WE FLEW THROUGH the thin, light-suffused mist of a December afternoon in north India before landing among open fields outside the paramount site of Hindu pilgrimage: Varanasi, a temple town that curls around the Ganges, the equivalent of Rome or Jerusalem in the Hindu imagination. But the pilgrims on my flight from South Korea had an altogether different purpose. It was here, scarcely 15 miles from the airport, among fields now yellow with mustard flowers, that a renunciant prince had, upon gaining enlightenment some 25 centuries ago, given his first sermon, setting what Buddhists call the Wheel of Dharma into motion. At a deer park once called Isipatana, now Sarnath, a 35-year-old Gautama Buddha, hardly older than Christ when he climbed the hill of Calvary, revealed the eightfold path to liberation from suffering, his four noble truths and the doctrine of the impermanence of everything, including the Self. It was to the remains of the monastery and shrine at Sarnath that the pilgrims from East and Southeast Asia came, as pilgrims had for well over 1,500 years, along a subsidiary branch of the Great Silk Road, which ran through the high snowy mountains that girdle the Indian subcontinent into a riverine plain that stretches across what is today Pakistan and north India. The pilgrims took an exit off that highway of goods and ideas that ran from China to Rome in order to honor what may well have been the most influential doctrine to travel along its lines of transmission — the word of the Buddha, and the art made in his name.
FOR THE FIRST six centuries after his death, the Buddha was never depicted in human form. He was only ever represented aniconically by a sacred synecdoche — his footprints, for example; or a parasol, an auspicious mark of kingship and spirituality; or the Wisdom Tree, also known as the Bodhi Tree, under which he gained enlightenment. How did the image of the Buddha enter the world of men? How does one give a human face to god, especially to he who was never meant to be a god nor ever said one word about god? How, in rendering such a man in human form, does one counterintuitively end up creating an object of deification? And what is the power of such an object?
These were the questions that were uppermost in my mind as I drove to Sarnath among green fields whose red brick boundary walls advertised educational courses and aphrodisiacs. To pass through open country in India, surrounded by signs of every religion except Buddhism, from temples and mosques to churches and Sikh gurdwaras, was to feel the ghostly imprint that Buddhism had left in the land of the Buddha. Gautama, believed to have been born in the fifth century B.C., had lived and taught the entire duration of his 80-year life within 200 miles of where I was. His doctrine, partly a reaction to the rigidity of Vedic religion, or Brahmanism — widely seen in India as an early form of Hinduism — had flourished here for more than a thousand years, patronized and disseminated by kings.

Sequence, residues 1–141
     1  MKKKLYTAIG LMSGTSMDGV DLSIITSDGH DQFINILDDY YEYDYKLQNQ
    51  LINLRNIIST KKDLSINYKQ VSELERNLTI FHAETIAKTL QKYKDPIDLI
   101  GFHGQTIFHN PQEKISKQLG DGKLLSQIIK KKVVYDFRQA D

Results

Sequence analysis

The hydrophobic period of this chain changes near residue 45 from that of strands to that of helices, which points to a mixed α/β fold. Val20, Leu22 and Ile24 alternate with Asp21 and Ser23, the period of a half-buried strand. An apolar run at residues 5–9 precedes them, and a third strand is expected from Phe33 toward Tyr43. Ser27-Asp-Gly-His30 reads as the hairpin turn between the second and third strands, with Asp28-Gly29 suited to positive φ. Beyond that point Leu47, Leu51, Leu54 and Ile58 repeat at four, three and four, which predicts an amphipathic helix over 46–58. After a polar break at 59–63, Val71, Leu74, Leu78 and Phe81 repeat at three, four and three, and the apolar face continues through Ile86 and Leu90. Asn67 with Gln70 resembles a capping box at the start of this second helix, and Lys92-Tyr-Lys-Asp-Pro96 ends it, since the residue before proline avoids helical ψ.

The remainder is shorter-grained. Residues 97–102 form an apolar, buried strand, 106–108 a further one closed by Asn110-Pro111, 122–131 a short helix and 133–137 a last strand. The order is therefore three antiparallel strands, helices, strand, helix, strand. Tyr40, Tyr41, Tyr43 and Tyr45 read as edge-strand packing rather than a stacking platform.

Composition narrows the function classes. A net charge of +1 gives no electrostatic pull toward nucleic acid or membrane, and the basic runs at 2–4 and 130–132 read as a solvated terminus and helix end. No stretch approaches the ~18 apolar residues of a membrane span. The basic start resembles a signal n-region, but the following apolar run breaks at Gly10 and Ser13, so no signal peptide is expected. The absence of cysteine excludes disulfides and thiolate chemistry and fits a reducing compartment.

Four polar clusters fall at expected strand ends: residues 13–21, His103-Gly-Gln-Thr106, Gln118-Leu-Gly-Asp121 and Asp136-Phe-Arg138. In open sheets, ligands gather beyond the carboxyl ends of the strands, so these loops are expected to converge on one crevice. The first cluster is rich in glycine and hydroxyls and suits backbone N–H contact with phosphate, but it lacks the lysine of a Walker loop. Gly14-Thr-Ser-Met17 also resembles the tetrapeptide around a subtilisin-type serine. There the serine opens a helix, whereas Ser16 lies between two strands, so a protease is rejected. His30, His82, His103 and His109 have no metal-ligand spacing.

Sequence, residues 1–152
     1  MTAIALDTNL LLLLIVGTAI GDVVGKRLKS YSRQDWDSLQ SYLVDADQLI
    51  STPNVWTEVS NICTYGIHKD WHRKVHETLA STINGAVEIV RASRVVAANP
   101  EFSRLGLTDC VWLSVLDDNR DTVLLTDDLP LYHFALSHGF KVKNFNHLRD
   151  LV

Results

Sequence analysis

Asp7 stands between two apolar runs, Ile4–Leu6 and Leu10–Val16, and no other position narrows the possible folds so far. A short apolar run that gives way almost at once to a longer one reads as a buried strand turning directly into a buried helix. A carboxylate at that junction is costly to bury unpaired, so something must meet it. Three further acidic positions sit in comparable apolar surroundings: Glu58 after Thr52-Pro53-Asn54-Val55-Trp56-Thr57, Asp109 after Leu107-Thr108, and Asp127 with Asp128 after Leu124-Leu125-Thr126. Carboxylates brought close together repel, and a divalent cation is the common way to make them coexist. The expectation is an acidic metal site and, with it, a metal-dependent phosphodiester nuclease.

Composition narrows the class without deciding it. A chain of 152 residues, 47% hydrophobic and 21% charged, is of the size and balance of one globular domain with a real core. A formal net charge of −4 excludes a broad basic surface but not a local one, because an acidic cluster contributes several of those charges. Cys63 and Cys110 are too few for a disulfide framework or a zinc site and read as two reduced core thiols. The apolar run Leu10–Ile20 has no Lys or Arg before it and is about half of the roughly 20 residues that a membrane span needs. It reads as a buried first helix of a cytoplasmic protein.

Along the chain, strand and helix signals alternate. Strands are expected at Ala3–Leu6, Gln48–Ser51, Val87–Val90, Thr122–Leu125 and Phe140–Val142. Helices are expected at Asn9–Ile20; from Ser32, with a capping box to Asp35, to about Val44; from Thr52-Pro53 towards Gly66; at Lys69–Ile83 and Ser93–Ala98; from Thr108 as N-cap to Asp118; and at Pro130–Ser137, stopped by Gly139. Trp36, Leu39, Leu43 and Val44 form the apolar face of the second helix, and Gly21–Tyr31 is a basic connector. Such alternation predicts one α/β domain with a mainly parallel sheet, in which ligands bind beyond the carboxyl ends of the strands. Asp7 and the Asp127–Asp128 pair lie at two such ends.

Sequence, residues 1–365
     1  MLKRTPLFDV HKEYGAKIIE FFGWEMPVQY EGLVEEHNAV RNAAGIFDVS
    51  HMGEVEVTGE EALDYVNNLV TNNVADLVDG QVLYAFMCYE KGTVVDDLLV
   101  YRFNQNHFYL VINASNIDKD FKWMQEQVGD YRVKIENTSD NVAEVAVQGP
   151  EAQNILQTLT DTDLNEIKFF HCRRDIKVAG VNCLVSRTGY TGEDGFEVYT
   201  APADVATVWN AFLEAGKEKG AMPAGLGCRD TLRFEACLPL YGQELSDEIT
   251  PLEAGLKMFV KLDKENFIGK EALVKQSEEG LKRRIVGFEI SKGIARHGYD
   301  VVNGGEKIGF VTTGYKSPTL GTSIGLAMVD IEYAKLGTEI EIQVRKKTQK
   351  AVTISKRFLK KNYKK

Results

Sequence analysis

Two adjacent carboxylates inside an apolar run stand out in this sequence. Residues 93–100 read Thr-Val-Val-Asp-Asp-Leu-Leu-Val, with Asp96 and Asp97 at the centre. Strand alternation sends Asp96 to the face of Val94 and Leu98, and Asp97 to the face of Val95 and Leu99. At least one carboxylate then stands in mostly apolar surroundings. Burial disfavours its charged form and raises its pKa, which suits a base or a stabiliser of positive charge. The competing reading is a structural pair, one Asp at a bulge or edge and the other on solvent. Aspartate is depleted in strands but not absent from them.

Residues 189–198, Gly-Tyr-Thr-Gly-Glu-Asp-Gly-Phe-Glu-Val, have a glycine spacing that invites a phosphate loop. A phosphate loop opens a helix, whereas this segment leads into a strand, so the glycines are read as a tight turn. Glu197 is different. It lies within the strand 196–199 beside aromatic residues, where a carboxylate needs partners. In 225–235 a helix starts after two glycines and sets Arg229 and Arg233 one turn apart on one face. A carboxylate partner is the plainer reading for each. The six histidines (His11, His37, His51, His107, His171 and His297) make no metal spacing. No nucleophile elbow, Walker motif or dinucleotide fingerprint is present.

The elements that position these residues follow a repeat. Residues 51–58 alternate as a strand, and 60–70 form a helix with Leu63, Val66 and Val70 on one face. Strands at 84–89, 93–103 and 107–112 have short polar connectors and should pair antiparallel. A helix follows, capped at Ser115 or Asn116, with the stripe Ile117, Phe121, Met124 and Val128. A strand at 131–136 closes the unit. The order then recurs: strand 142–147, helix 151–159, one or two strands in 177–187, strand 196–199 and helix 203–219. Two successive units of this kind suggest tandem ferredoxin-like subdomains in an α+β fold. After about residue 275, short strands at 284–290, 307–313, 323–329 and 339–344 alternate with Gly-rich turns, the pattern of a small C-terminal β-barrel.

India’s oldest stone architecture was Buddhist. There had been viharas, or monasteries, that stretched across the Indian mainland, from Sarnath in the north to Nagapattinam, deep in the southern state of Tamil Nadu. There were the glorious painted caves at Ajanta, in western India, and, most intact and enchanting of all, there was the great stupa at Sanchi, in the central Indian state of Madhya Pradesh. The hemispherical stupa, among the earliest and most distinctive of Buddhist monuments, is a reliquary mound. With its origins in pre-Buddhist burial mounds or sacred tumuli, it retains a cosmogonic power. “The act of making the stupa,” writes Richard Lannoy in his 2001 history “Benares: A World Within a World,” “was a rite in itself, on the analogy of creating the world ‘in the beginning,’ a symbolic re-enactment to get into the right relationship with the source of the Cosmic Order.”